Silver Book Fact

A 10 percent reduction in cancer-related deaths in the U.S. would be worth an estimated $4.4 trillion to current and future generations.

Murphy K, Topel R. Measuring the Gains from Medical Research: An economic approach. Chicago, IL: The University of Chicago Press; 2003. https://press.uchicago.edu/ucp/books/book/chicago/M/bo3643529.html

Reference

Title
Measuring the Gains from Medical Research: An economic approach
Publisher
The University of Chicago Press
Publication Date
2003
Authors
Murphy K, Topel R
URL
Read Full Resource

Categories

  • Innovative Medical Research
  • Future Value

Related Facts

  • From 1975 to 1996, new cancer drugs increased life expectancy of cancer patients by about one year, at an estimated cost of $3,000—well below the estimated value of a statistical…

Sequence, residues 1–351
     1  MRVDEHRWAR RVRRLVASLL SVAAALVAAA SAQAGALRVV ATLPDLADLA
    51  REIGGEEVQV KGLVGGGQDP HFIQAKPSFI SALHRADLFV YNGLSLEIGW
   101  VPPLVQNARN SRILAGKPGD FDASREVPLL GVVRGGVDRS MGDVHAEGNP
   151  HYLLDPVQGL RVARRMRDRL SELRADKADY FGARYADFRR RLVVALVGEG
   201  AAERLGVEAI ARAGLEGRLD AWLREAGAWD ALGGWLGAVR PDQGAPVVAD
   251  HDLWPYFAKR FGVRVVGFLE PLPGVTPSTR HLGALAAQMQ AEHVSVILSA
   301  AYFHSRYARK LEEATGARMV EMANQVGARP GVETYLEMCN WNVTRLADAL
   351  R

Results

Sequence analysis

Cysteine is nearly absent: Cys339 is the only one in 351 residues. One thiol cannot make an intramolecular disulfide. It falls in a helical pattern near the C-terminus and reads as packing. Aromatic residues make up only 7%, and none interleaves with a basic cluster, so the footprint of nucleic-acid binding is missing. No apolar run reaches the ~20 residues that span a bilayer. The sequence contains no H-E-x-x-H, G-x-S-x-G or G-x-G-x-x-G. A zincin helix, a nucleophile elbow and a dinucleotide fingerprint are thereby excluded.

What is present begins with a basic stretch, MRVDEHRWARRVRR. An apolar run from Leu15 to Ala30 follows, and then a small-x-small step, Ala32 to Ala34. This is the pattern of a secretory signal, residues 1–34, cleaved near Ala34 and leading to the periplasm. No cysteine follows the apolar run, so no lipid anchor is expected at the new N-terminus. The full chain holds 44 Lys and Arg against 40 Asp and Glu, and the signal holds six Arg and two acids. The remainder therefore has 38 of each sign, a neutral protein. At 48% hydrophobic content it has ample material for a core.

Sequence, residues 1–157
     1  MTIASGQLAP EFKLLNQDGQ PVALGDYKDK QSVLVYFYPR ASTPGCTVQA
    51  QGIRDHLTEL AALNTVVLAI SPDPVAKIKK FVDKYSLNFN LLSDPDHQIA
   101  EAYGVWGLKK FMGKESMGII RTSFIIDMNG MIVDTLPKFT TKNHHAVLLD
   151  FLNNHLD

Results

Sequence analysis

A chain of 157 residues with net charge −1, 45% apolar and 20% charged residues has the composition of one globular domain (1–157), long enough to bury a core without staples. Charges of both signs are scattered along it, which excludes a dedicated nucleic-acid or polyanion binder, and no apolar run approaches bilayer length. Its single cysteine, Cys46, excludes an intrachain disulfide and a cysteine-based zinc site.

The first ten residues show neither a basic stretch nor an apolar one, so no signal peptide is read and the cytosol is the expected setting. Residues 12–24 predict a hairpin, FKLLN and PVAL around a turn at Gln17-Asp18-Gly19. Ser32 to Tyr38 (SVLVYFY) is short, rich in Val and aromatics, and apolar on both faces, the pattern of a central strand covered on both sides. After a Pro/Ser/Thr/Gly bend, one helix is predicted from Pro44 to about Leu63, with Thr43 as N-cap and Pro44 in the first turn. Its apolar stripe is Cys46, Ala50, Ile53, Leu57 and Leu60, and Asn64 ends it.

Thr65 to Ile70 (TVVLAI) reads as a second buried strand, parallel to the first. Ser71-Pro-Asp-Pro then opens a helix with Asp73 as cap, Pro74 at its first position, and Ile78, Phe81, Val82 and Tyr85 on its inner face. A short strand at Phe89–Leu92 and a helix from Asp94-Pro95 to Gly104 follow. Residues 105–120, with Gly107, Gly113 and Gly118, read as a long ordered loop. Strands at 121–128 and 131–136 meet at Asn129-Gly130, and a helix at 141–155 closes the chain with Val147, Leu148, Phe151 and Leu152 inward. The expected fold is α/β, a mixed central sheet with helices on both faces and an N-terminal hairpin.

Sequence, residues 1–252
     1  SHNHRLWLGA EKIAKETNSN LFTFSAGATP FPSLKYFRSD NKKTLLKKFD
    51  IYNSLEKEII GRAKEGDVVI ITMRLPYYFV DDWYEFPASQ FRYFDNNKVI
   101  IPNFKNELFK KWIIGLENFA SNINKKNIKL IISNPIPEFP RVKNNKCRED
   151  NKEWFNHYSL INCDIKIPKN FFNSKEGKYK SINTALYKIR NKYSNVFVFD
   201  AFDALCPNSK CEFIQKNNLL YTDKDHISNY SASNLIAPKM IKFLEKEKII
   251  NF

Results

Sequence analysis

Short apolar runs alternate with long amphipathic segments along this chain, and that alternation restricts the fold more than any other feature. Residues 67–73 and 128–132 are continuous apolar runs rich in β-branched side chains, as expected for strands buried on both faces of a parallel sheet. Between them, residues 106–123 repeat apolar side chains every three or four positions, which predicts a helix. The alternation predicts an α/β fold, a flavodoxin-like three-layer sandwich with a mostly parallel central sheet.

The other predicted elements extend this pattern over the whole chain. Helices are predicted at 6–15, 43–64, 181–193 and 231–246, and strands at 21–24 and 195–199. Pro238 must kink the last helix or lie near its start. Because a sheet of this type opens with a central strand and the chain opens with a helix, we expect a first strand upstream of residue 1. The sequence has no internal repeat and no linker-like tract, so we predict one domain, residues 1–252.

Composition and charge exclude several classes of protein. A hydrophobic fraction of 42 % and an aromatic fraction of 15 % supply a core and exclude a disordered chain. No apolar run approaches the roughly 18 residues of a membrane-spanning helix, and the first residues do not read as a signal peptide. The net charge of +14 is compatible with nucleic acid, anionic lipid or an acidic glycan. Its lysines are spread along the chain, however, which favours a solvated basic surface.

• Over the next 10 years, the number of cancer survivors in the U.S. is predicted to grow from 14.5 million to nearly 19 million (9.3 million men and 9.6 million…  
  • In 1971, one in 69 people was a cancer survivor (three million survivors). In 2014, that number grew to one in 22 people (14.5 million survivors).  
  • A one percent reduction in cancer-related deaths in the U.S. would be worth an estimated $500 billion to society from increased quality of life and increased productivity from longer lives.  
  • Since 1991 the cancer death rate has fallen by 20 percent.